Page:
Not exactly. There is generally no limit on when an IRA owner may take a distribution from his or her IRA, although there may be unfavorable tax consequences, such as an additional tax on early distributions. However, certain distributions from an IRA that are used for expenses similar to those that may be eligible for hardship distributions from a retirement plan are exempt from the additional tax on early distributions. Specifically, a distribution from an IRA for higher education expenses or to finance a first-time home purchase is exempt from the early distribution tax.
(Code Section 72(t)(2)(E),(F))
Prior to the issuance of the proposed regulations there were no special rules for hardship distributions on account of hurricanes or other natural disasters. The proposed regulations modify the safe harbor list of expenses for which distributions are deemed to be made on account of an immediate and heavy financial need by adding a new type of expense to the list, relating to expenses incurred as a result of certain disasters. This new safe harbor expense is similar to relief given by the IRS after certain major federally declared disasters, such as the relief relating to Hurricane Maria and California wildfires provided in Announcement 2017-15, 2017-47 I.R.B. 534, and is intended to eliminate any delay or uncertainty concerning access to plan funds following a disaster that occurs in an area designated by the Federal Emergency Management Agency for individual assistance.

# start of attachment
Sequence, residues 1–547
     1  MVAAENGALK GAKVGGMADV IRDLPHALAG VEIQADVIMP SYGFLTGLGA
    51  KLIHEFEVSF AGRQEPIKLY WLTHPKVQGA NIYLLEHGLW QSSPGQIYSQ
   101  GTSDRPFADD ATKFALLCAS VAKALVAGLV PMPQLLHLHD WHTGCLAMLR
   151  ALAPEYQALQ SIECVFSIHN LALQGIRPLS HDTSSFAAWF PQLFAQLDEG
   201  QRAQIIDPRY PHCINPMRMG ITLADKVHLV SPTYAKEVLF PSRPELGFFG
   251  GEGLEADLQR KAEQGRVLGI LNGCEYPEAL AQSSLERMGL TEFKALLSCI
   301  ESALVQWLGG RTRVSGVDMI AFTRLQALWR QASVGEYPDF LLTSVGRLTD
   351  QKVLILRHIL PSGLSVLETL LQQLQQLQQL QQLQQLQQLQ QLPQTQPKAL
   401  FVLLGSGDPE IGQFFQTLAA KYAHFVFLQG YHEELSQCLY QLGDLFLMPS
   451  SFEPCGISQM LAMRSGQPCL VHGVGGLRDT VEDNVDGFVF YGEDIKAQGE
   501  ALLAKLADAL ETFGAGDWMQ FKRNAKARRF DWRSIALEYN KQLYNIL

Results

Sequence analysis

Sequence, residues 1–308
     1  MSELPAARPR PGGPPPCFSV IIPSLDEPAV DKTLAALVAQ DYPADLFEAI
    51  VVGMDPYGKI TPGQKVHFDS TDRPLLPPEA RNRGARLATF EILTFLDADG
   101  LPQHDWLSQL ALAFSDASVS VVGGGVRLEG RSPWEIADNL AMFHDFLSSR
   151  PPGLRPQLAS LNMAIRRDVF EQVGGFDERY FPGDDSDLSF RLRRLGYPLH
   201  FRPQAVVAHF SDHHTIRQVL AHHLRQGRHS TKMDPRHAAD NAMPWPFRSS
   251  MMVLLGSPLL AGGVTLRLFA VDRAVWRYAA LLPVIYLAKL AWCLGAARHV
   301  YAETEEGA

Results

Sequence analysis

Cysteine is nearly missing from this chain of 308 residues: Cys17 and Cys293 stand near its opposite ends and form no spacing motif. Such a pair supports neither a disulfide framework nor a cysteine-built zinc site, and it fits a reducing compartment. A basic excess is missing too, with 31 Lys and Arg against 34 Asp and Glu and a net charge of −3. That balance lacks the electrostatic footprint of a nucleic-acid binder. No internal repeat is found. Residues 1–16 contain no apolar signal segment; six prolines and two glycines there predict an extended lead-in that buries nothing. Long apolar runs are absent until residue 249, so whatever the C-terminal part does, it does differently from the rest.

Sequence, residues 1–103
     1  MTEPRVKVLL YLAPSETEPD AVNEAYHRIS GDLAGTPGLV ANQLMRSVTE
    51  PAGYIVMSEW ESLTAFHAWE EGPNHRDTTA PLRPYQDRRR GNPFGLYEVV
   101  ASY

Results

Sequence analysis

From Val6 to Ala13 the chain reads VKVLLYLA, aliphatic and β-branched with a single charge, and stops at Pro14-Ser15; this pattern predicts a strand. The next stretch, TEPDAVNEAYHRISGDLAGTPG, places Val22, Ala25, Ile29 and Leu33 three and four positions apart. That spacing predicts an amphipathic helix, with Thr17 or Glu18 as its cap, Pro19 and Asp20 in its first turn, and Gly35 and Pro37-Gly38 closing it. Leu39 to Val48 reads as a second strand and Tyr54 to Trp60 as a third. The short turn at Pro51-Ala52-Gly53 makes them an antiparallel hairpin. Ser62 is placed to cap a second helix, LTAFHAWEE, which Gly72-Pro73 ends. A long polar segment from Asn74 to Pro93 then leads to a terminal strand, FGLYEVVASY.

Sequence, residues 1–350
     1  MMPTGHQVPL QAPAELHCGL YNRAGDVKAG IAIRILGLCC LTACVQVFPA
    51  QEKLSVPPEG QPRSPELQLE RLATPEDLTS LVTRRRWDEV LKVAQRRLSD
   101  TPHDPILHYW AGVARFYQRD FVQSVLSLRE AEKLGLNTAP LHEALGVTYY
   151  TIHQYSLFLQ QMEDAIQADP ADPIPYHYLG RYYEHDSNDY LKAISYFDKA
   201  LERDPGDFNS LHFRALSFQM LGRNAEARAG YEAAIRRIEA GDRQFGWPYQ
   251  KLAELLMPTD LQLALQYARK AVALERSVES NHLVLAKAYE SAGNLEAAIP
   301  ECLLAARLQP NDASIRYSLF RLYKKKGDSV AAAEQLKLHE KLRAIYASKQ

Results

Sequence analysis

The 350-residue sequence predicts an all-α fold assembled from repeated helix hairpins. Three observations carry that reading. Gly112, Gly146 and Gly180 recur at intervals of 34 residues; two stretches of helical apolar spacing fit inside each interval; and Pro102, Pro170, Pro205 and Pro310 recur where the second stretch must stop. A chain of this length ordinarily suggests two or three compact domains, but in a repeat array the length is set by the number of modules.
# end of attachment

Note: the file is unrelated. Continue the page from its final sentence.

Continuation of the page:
See Tax Relief in Disaster Situations and Publication 547, Casualties, Disasters, and Thefts, for disaster area relief.